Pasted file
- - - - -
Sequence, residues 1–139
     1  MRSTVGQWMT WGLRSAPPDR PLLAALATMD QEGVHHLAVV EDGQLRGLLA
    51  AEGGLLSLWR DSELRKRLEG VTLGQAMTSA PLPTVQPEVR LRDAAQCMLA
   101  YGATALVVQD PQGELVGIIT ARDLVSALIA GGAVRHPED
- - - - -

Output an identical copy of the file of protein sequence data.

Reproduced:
Sequence, residues 1–139
     1  MRSTVGQWMT WGLRSAPPDR PLLAALATMD QEGVHHLAVV EDGQLRGLLA
    51  AEGGLLSLWR DSELRKRLEG VTLGQAMTSA PLPTVQPEVR LRDAAQCMLA
   101  YGATALVVQD PQGELVGIIT ARDLVSALIA GGAVRHPED